Hurricane Hilary Emerges as Significant Threat to Southern California with Rare Tropical Storm Warning

Hurricane Hilary Emerges as Significant Threat to Southern California with Rare Tropical Storm Warning
Photo by NASA / Unsplash

Hurricane Hilary, a formidable major hurricane, is charting an atypical course toward Southern California, a region not accustomed to such tropical disturbances. This unexpected phenomenon has the potential to unleash potent winds and extraordinary flooding.

Currently situated off the western shoreline of Mexico's Baja California, Hurricane Hilary has exhibited sustained maximum wind speeds of approximately 145 mph, firmly establishing itself as a Category 4 storm. However, as of Saturday morning, the hurricane's intensity has diminished to Category 3, registering maximum sustained winds of 125 mph.

Forecasts project that by the time Hilary reaches Southern California on Sunday, it will have further weakened into a tropical storm. Even before its arrival, the desert areas of Southern California could experience rainfall as early as Saturday.

Areas with the greatest flash flood risk over the next three days. (National Hurricane Center)

Outlined below are six key insights concerning Hurricane Hilary:

  1. Unprecedented Warning: Notably, the National Hurricane Center has never before issued a tropical storm warning for Southern California, underscoring the exceptional nature of this event.
  2. Timing of Impact: The onset of tropical storm conditions in Southern California is anticipated by Sunday.
  3. Dual Threat in Baja California: Simultaneously, Baja California is poised to face hurricane conditions starting Saturday night, accompanied by substantial rainfall capable of triggering flash floods and landslides. This heightened risk will persist from late Friday through late Sunday.
  4. Potential Flood Hazard: Southern California could grapple with a range of flooding scenarios, including flash floods, urban flooding, and arroyo flooding. Experts warn of the potential for unusual and perilous consequences.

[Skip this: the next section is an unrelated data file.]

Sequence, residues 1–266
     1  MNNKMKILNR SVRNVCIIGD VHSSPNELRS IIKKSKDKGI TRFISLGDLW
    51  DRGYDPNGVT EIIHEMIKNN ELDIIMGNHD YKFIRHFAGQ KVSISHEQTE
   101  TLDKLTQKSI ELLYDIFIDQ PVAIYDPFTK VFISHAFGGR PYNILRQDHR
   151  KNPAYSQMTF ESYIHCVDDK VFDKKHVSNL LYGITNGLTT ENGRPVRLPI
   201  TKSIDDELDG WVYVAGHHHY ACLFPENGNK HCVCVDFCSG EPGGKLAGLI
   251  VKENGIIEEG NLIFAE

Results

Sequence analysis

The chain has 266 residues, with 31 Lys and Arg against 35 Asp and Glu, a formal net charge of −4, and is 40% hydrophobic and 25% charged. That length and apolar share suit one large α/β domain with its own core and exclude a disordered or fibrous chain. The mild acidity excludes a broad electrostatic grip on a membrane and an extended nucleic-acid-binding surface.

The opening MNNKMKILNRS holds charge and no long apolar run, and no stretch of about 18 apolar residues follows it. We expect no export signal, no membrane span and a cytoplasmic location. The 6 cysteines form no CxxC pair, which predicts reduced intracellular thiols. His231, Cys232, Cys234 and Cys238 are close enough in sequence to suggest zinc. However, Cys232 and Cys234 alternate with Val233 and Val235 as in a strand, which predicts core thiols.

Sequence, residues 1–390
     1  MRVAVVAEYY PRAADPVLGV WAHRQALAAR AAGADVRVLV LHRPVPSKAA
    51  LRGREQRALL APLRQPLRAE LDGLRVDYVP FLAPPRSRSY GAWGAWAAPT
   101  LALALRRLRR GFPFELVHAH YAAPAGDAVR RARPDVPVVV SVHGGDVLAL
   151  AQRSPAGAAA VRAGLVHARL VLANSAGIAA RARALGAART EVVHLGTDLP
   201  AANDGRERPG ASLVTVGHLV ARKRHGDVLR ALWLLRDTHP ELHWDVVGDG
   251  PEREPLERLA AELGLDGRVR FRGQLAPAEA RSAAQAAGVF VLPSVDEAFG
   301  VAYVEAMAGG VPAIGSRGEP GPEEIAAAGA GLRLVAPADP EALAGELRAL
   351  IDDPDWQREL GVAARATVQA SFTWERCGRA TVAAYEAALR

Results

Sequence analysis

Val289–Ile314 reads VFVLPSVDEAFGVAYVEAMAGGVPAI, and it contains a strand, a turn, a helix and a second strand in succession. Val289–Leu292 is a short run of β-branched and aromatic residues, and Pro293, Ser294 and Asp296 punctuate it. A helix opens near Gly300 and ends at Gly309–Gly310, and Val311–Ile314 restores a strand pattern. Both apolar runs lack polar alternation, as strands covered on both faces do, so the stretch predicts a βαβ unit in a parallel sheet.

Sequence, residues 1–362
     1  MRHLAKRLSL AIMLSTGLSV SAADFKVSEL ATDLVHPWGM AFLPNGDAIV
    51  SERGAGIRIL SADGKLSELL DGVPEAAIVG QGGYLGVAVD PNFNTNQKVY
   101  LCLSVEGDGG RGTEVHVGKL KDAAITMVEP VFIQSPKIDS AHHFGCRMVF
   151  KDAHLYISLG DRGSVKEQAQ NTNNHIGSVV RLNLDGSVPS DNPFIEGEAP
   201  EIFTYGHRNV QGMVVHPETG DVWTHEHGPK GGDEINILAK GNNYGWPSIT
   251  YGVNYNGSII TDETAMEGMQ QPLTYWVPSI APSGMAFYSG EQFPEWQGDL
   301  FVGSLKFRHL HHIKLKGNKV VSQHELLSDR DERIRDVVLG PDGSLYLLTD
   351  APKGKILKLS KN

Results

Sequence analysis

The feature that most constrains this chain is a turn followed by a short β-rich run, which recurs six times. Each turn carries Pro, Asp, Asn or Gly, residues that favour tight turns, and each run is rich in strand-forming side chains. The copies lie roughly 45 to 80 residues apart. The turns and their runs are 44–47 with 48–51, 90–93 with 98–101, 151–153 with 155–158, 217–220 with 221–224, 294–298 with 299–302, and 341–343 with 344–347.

5. Imminent Rainfall: Precipitation estimates range from 3 to 6 inches across sections of Southern California and southern Nevada, with localized accumulations potentially reaching up to 10 inches. Forecasters caution that these conditions could lead to dangerous to catastrophic flooding, with particular concerns about desert regions experiencing sudden deluges.
  6. Vulnerable Areas: Among the locales at greatest risk for a confluence of wind, coastal flooding, and rain impacts, San Diego County, particularly the San Diego metropolitan region, stands out. The possibility of coastal flooding, exceeding a foot in height, is also worrisome for spots like Long Beach, notably Belmont Shores, and the low-lying stretches along the Orange County coast.

Additional Important Points:

  • Strengthening Tropical Storm: Southern California may start witnessing the effects of tropical storm conditions starting Sunday.
  • Baja California's Coastal Threat: The western coastline of Baja California is anticipated to encounter hurricane conditions from Saturday night onwards. Extensive hurricane watches or warnings stretch from Punta Abreojos north to Ensenada. Meanwhile, tropical storm watches and warnings remain in effect across other parts of Baja California and mainland Mexico, accompanied by the forecast of a "dangerous storm surge" liable to induce coastal flooding.

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